Jayne Jerkins stands off to the side of Kehinde Wiley‘s new portrait of Barack Obama at the National Portrait Gallery. It’s Tuesday, February 13, the first day the painting is on display to the public, and she’s already had her turn to admire it up close. As others pose alongside the portrait of a stoic Obama, surrounded by greenery and colorful chrysanthamums, Jerkins, a retired lawyer and 30-year DC resident, tears up.
“For me, I’m so excited as I see this, because I know he’s gonna keep doing incredible things.” Referring to the artist, she says, “I think he intended it to be different, and there’s meaning in the difference,” she said. “As I’ve been standing here, I hear people gasp. I’ve heard people say ‘oh there he is,’ as if this is really is the embodiment of him. And saying ‘I miss him.’ ”
Indeed, while wandering around the gallery, you hear spectators repeatedly refer to the portraits by the first names of their subjects, as if the Obamas are personal friends that they all must take a photo with.
“I can’t go through this line without remarking just about how strange it is to have this portrait that you’re coming to see, and then being totally consumed by pulling my phone out and getting a picture of it,” said governance consultant Justin Wood. “And not just kind of being lost in the moment.”
Downstairs, visitors take selfies with Amy Sherald‘s portrait of Michelle Obama. Most carry smartphones, but Rockville resident Arthur Halpern holds up his flip phone to snap a photo of the former first lady.
“It’s all about the dress,” Halpern says. But after another look, “But she’s more than that isn’t she?”
Wood has his own interpretation of the “more.”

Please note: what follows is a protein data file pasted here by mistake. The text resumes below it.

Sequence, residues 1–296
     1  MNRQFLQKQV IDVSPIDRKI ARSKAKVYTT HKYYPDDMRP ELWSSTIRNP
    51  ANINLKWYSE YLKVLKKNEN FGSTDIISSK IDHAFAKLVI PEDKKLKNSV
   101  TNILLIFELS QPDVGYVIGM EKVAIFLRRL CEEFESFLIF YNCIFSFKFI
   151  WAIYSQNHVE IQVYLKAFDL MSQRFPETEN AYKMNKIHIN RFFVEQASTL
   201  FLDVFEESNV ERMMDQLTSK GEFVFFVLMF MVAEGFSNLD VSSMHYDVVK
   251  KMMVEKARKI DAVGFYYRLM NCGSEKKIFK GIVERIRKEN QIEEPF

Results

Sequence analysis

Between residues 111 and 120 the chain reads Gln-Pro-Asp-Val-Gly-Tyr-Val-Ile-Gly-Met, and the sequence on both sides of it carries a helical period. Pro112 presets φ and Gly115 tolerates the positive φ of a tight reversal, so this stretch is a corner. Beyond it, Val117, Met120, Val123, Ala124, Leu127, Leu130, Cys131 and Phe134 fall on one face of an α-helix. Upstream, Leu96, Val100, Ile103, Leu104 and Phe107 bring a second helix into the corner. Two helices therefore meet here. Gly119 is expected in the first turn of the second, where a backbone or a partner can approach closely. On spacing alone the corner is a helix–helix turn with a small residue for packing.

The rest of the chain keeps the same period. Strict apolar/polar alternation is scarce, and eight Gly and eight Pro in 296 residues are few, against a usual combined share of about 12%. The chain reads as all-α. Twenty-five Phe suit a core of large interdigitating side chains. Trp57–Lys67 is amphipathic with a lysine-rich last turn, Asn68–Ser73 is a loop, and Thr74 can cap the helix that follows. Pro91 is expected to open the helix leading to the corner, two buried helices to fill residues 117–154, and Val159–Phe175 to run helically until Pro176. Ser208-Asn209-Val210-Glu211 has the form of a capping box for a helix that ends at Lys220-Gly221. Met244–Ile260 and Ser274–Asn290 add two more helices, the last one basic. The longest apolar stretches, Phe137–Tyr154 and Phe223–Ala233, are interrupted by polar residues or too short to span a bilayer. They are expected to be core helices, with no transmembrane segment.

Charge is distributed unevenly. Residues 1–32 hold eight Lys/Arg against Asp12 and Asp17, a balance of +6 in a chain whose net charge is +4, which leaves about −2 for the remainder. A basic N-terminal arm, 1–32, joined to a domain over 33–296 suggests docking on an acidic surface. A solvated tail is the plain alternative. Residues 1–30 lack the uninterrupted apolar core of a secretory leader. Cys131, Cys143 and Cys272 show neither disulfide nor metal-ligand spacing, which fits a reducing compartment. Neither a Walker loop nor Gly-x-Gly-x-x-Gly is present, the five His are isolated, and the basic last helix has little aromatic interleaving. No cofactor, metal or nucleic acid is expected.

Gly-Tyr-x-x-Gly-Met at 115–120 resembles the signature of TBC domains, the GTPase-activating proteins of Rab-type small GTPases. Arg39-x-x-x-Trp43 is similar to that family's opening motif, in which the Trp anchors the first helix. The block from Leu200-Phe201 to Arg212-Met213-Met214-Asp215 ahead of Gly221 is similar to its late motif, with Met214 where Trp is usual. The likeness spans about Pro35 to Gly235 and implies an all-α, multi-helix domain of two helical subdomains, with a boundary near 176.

“It perfectly captures the essence of Michelle and kind of the identity that she tried to shape for the public, and what we all embraced about her,” he says. “This is an incredibly intelligent, strong women with strong personality.”
Before the gallery opened at 11:30, people anxiously gathered outside, despite the cold, so they could be among the first non-celebrities to catch a glimpse of Wiley and Sherald’s works.
Once doors opened, lines quickly formed. Michelle’s, on the first floor, trickled into the courtyard. But Barack’s, on the second floor of the gallery, ended in the courtyard, winded around a corner, and up a flight of steps that lead to the America’s Presidents exhibit.
Why would people show up to in such numbers to see something that wasn’t going anywhere? “I think it cements the milestone that he represented in terms of his presidency and the type of person that he is,” Halpern says. He also guessed that many people were there out of sorrow over Donald Trump “and the damage being done that, for the most part, is focused on Obama’s accomplishments.”
Alexis Vigil, a youth developer, examined the president’s stance, noting his posture and eye-contact communicated that of a man suppressing the pressure of a closely watched two terms.
As Vigil noted, Obama’s portrait doesn’t look like the others in America’s Presidents. Paintings of Reagan and Lincoln, George Washington and FDR, all have one thing in common: they’re of white men.
While we’ve had ten years to get used to the idea of the first black president, it still holds weight to those in DC. Now, there’s two paintings in the National Portrait Gallery that remind people of that impact, and yes, provide ample selfie opportunities.
“It’s really just a blessing to be in DC and just have this right down the street from where I live,” Vigil says. “I was born and raised in DC, so it’s a big deal. It’s a really big deal.”